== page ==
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Original Issue


Mercedes-Benz, in this fourth year of its postwar resurrection, has become to motor racing what Rocky Marciano is to heavyweight boxing—a seemingly invincible combination of tremendous stamina and superb preparedness. This was proved once more, and conclusively, at Liverpool's Aintree Course last Saturday when the trim, silver cars from West Germany, with Stirling Moss in the lead, scooped the eighth British Grand Prix in the first quadruple victory in Grand Prix history.

For Moss it was a personal triumph, the realization of a lifelong ambition: his first Grand Prix conquest. It was a dramatic grandstand finish, too, as Moss, leader by a hair-thin margin for 80 laps, swept across the line one-fifth of a second ahead of his Argentinian teammate Fangio; and the 150,000 Britons pyramided around the track forgot all their reserve as they burst through the barriers to congratulate their national hero. It came almost as an afterthought that, with Kling third and Taruffi fourth, the German team had also broken Ferrari's five-year monopoly on the checkered flag for this top-drawer British event.

Aintree is a brutally hard circuit on engines, a destructive acceleration battle with only brief breathing spells in fourth speed. Said Moss: "I must have changed gears 2,000 times for those 90 laps." What this did to the rest of the field is evident from the fact that only nine of the 24 starters lasted the race, and of the Italian, British and French opposition, only one Maserati finished in good shape, tailing the fourth Mercedes by nearly two minutes.

For the start, Moss held the pole position with the fastest practice lap—89.70 mph. Fangio, two-tenths of a second slower, was beside him, then Behra with the 250F Maserati. Kling and Taruffi shared the second row, and in the third were the Maseratis of Mieres and Simon, with Schell's fuel-injection British Vanwall between them.

From the start, Mercedes held the lead and it was a two-way battle between Moss and Fangio all the way. Fangio, in No. 10, led for two laps, harried by Moss in No. 12 and a close-packed field. On lap three Moss passed him, holding first position until the 18th lap when the Argentinian world champion again went ahead. On the 26th lap, Moss took command once more to stay ahead until the checkered flag. Behra's Maserati, just ahead of Kling and Taruffi but 10 seconds behind the leaders, staged a valiant battle for third place until the ninth lap, when it stopped in a cloud of smoke.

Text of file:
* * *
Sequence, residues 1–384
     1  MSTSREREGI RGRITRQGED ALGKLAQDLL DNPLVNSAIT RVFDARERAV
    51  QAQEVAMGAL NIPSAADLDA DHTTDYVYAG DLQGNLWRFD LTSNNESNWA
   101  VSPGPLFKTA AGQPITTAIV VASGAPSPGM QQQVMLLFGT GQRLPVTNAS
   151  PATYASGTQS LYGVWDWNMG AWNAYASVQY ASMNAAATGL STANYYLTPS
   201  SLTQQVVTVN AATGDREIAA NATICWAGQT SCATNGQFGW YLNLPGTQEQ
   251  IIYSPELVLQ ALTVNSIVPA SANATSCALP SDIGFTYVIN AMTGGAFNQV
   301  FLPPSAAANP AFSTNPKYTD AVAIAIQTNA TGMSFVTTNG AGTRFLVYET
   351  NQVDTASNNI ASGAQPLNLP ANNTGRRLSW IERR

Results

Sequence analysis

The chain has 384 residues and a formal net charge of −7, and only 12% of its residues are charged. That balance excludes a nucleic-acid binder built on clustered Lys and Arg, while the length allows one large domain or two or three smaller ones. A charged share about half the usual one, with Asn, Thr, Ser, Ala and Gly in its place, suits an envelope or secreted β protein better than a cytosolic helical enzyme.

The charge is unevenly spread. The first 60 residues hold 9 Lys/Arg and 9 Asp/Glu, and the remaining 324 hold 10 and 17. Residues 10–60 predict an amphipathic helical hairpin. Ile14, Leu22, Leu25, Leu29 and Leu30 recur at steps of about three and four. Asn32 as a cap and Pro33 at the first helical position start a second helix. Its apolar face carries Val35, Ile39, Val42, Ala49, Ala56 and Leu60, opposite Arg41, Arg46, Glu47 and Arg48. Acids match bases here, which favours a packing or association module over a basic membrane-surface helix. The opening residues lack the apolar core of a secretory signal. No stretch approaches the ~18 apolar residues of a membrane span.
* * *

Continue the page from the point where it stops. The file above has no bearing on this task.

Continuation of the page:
The Maseratis of Mieres and Musso got by Taruffi's Mercedes, but on lap 48 Mieres quit with piston trouble. Try as he might, Musso could make no impression on Kling, who in turn was one minute 10 seconds behind the two leaders at the halfway mark. Finally, on lap 55, Taruffi after many tries repassed Musso and gradually pulled away, completing the Mercedes quartet. Veteran "Silver Fox" Taruffi's performance was magnificent. Clad in his perennial blue pullover, getting dirtier every lap, handling a car he had never driven until the day before, on a course unfamiliar to him, he clung grimly to fourth spot, one lap behind.

The works Ferraris of Trintignant, Hawthorn and Castellotti were disappointing. Castellotti, never higher than eighth, retired on lap 18 with transmission trouble. Trintignant, seventh on lap 61, blew a cylinder-head gasket. Hawthorn, cooked by the sun's rays filtering through his visor, was seventh when he handed over to Castellotti on the 47th lap. This car eventually finished sixth, three laps behind the leaders. The Gordinis of Ramos and Manzon, hopelessly outclassed, both retired early, leaving Sparken's lame Gordini to struggle on to the end.

Fangio's smile was a trifle wan as the bouquets were handed out. Said he in his voluble Spanish: "My congratulations to Moss. He is a wonderful driver. I had a lot of fun following him." To which Moss, who took the laurels at 86.47 mph and set a new lap record at 89.70 mph, sportingly retorted: "If Fangio had tried a little harder, things might have been very different."

The 17-lap 51-mile sports car race preceding the Grand Prix was an all-British affair which drew 22 entries. After the third lap, when Salvadori, Collins, Parnell and Walker in turn each got by Mike Hawthorn's D-type Jaguar, it also become an all Aston-Martin affair. In fact, the stalwart Aston-Martins had no trouble in eventually disposing altogether of the three D-Jaguars driven by Hawthorn, Titterington and Berry. Peter Collins, first to tackle Hawthorn on Becher's bend, put up the fastest lap at 83.33 mph. Roy Salvadori's winning speed was 81.32 mph. Only 1.7 seconds separated the first three cars.

There were 30 starters in the opening event, also of 51 miles, for 500-cc Formula 3 machines; and the blip of their exhausts, garlanded around the course, sounded like a field day for noisemakers. Russell's Cooper-Norton, which passed Lewis Evans' similar car on lap seven, went on to win a hard-fought battle and set a new lap record of 79.53 mph. Fergusson in another Cooper-Norton was third, some distance behind. The leaders lapped the field at half-distance and Russell clocked a sizzling 78.19 mph.


"What snake? She's tryin' to hit the ball!"